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GPs buried under trusts' workload dump

Payment by Results is delivering, say academics

Payment by Results (PbR) has delivered real change in the delivery of healthcare in hospitals, according to a major new study.

Payment by Results (PbR) has delivered real change in the delivery of healthcare in hospitals, according to a major new study.

A team of researchers, led by Shelley Farrar at the University of Aberdeen, looked at measures of volume, cost and quality of care in hospitals across England during 2004/5 and 2005/6 and compared with a control group – Scotland, which has not implemented PbR.

The results, published in the BMJ, show unit costs fell more quickly where PbR was implemented. Evidence of an association between the introduction of PbR and growth in acute hospital activity (volume of patients treated) was also found.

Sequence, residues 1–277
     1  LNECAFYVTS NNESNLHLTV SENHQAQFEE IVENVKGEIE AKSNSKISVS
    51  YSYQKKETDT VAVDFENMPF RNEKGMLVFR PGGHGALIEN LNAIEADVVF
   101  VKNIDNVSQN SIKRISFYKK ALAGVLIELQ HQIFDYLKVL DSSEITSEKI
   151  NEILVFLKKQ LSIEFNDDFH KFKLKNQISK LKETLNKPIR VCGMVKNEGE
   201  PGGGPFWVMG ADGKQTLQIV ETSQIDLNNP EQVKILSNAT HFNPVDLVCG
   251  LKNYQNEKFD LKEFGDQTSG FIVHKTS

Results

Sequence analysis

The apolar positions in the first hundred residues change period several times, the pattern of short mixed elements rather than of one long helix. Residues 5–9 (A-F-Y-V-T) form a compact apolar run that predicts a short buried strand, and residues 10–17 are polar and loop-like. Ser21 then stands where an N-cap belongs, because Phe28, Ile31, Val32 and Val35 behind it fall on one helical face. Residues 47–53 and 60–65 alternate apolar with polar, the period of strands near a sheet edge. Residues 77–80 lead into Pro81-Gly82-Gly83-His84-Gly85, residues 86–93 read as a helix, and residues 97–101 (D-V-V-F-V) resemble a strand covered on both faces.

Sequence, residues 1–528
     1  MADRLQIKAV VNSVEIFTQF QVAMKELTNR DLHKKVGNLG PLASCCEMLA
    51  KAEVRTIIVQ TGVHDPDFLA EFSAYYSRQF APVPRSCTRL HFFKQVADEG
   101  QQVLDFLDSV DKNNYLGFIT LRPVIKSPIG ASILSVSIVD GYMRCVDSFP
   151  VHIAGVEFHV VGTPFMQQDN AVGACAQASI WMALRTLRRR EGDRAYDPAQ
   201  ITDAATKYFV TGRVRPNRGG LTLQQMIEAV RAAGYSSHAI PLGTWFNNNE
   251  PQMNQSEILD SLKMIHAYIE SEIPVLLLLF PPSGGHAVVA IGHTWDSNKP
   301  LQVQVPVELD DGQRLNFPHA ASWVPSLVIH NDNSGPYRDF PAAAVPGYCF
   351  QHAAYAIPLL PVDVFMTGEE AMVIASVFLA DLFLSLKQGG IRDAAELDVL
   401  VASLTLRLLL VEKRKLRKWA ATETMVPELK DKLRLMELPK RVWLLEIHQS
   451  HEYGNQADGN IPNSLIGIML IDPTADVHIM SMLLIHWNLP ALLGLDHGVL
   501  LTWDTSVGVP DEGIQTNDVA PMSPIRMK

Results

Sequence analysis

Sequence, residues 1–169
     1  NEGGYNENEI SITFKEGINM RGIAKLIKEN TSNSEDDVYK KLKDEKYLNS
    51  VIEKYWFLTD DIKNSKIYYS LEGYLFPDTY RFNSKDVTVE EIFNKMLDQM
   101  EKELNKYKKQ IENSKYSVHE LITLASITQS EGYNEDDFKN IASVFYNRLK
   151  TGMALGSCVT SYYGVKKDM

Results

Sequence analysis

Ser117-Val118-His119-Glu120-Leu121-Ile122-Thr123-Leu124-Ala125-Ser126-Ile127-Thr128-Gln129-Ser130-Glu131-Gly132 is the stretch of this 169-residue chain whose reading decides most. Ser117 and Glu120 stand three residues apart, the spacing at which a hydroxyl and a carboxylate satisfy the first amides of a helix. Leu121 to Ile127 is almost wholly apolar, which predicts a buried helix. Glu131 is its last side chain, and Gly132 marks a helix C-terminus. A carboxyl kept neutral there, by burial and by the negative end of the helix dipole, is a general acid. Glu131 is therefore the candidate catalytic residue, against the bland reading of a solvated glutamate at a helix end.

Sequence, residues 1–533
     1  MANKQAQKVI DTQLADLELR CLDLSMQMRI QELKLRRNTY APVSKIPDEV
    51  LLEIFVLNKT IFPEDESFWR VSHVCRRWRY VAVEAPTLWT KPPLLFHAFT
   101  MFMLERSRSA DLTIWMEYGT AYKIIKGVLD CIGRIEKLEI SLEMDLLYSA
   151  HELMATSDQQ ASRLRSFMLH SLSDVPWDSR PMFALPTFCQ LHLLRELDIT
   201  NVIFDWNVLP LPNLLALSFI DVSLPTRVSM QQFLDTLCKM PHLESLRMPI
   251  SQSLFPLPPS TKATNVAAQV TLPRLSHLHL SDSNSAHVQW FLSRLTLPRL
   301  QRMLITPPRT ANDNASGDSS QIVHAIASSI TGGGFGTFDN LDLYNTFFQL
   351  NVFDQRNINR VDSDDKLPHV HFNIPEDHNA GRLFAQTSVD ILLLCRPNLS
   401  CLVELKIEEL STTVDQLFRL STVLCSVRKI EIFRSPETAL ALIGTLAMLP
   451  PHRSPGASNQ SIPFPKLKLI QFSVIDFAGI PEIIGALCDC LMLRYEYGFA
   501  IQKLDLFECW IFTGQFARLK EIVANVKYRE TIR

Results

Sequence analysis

There was little evidence of any change in the quality of care associated with the introduction of PbR.

However, further analysis on the longer-term impact of Payment by Results found that the quality of care in foundation trusts increased in association with the tariff's introduction.

Given the results did not show quality of care suffered as a result of PbR, the researchers said cost reductions had been attained through increases in efficiency rather than through reductions in quality.

Dr James Kingsland, NAPC president and national PBC clinical network lead, said the focus should be on quality introduced by PbR rather than cost reductions.

‘The principle of PbR was that it meant you could forget about cost and focus on quality,' he said. ‘Cost saving was going to be a nice side-effect but wasn't the underlying principle. It should be about the results of the transaction, not the cost.'

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